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1.
J Sch Nurs ; : 10598405221131048, 2022 Oct 31.
Article in English | MEDLINE | ID: covidwho-2271958

ABSTRACT

School nurses are integral to creating safe environments in U.S. schools. Many experienced increased work burden and stress during the COVID-19 pandemic. CDC collaborated with the National Association of School Nurses and the National Association of State School Nurse Consultants to distribute a 121-item online, anonymous survey to school nurses nationwide during March 7-30, 2022. Among the 7,971 respondents, symptoms of depression, anxiety and PTSD, and suicidal ideation were measured, and prevalence ratios were used to identify associations with demographics, workplace characteristics, and support. Results found high levels of work-related stressors and indicated that employment characteristics, COVID-19-related job duties, and other workplace stressors and supports affected school nurse mental health. The survey findings underscore the mental health challenges many school nurses experienced during the 2021/2022 school year. The findings can inform supportive policies and practices to reduce workplace stressors and increase workplace supports for school nurses.

2.
Am J Prev Med ; 2022 Nov 14.
Article in English | MEDLINE | ID: covidwho-2236290

ABSTRACT

INTRODUCTION: During the COVID-19 pandemic, public health workers were at an increased risk for violence and harassment due to their public health work and experienced adverse mental health conditions. This article quantifies the prevalence of job-related threats, harassment, and discrimination against public health workers and measures the association of these incidents with mental health symptoms during the COVID-19 pandemic. METHODS: A nonprobability convenience sample of state, local, and tribal public health workers completed a self-administered, online survey in April 2021. The survey link was emailed to members of national public health associations and included questions on workplace violence, demographics, workplace factors, and mental health symptoms. Mental health symptoms were measured using standardized, validated tools to assess depression, anxiety, post-traumatic stress disorder, and suicidal ideation. Multivariable Poisson models calculated adjusted prevalence ratios of mental health symptoms, with workplace violence as the primary risk factor. Analyses were conducted in 2021-2022. RESULTS: Experiencing any type or combination of workplace violence was significantly associated with an increased likelihood of reporting depression symptoms (prevalence ratio=1.21, 95% CI=1.15, 1.27), anxiety (prevalence ratio=1.21, 95% CI=1.15, 1.27), post-traumatic stress disorder (prevalence ratio=1.31, 95% CI=1.25, 1.37), and suicidal ideation (prevalence ratio=1.26, 95% CI=1.14, 1.38), after adjusting for confounders. A dose‒response relationship was found between the number of workplace violence events experienced by a public health worker and the likelihood of reporting mental health symptoms. CONCLUSIONS: Violence targeted at the public health workforce is detrimental to workers and their communities. Ongoing training, workplace support, and increased communication after a workplace violence incident may be helpful. Efforts to strengthen public health capacities and support the public health workforce are also needed.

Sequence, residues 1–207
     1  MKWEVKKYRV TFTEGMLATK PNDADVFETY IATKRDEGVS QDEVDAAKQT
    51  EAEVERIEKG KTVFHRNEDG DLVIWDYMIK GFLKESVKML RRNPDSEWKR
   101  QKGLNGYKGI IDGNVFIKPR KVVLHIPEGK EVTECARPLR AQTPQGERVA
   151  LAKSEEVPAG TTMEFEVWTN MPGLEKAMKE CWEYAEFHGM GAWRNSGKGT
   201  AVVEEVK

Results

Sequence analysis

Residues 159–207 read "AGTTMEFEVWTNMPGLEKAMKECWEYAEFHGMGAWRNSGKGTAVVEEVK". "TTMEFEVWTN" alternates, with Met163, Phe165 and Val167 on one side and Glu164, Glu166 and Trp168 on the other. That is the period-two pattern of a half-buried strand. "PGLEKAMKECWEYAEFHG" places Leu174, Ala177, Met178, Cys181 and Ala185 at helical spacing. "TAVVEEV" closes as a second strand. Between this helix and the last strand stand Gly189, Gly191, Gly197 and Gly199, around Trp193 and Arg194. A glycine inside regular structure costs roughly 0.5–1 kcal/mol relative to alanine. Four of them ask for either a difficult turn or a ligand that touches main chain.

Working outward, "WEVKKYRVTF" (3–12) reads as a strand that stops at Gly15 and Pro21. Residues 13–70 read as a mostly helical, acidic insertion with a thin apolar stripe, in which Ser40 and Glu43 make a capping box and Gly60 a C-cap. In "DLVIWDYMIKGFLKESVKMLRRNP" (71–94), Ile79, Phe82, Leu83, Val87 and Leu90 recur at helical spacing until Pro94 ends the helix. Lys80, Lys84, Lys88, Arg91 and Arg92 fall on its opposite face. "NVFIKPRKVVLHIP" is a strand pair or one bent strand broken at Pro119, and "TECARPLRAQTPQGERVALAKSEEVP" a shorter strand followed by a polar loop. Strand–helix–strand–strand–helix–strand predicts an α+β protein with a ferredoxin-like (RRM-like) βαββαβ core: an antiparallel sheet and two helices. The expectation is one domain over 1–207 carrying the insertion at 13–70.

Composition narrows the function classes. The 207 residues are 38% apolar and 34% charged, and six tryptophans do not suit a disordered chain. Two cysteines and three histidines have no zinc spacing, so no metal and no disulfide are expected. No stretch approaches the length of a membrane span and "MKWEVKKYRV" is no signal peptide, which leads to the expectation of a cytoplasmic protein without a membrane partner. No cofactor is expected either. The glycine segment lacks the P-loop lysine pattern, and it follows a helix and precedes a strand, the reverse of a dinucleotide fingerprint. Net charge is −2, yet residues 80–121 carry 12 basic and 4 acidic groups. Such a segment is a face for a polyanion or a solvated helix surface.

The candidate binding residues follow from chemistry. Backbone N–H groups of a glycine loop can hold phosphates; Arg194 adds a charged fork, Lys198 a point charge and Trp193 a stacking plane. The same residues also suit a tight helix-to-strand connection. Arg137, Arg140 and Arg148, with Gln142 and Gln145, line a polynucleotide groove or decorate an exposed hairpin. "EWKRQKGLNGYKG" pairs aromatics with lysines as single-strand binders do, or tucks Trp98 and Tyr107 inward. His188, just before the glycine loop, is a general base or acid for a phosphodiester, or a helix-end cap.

3.
Pediatrics ; 150(4)2022 10 01.
Article in English | MEDLINE | ID: covidwho-2054480

ABSTRACT

OBJECTIVES: Globally, coronavirus disease 2019 (COVID-19) has affected how children learn. We evaluated the impact of Test to Stay (TTS) on secondary and tertiary transmission of severe acute respiratory syndrome coronavirus 2 and potential impact on in-person learning in 4 school districts in the United States from September 13 to November 19, 2021. METHODS: Implementation of TTS varied across school districts. Data on index cases, school-based close contacts, TTS participation, and testing results were obtained from 4 school districts in diverse geographic regions. Descriptive statistics, secondary and tertiary attack risk, and a theoretical estimate of impact on in-person learning were calculated. RESULTS: Fifty-one schools in 4 school districts reported 374 coronavirus disease COVID-19 index cases and 2520 school-based close contacts eligible for TTS. The proportion participating in TTS ranged from 22% to 79%. By district, the secondary attack risk and tertiary attack risk among TTS participants ranged between 2.2% to 11.1% and 0% to 17.6%, respectively. Nine clusters were identified among secondary cases and 2 among tertiary cases. The theoretical maximum number of days of in-person learning saved by using TTS was 976 to 4650 days across jurisdictions. CONCLUSIONS: TTS preserves in-person learning. Decisions to participate in TTS may have been influenced by ease of access to testing, communication between schools and families, testing logistics, and school resources. Tertiary attack risk determination became more complicated when numbers of close contacts increased. Minimizing exposure through continued layered prevention strategies is imperative. To ensure adequate resources for TTS, community transmission levels should be considered.


Subject(s)
COVID-19 , COVID-19/epidemiology , COVID-19/prevention & control , Child , Child, Preschool , Humans , Risk Factors , SARS-CoV-2 , Schools , United States/epidemiology
4.
Int J Stat Med Res ; 11: 1-11, 2022 Jan 28.
Article in English | MEDLINE | ID: covidwho-1699235

ABSTRACT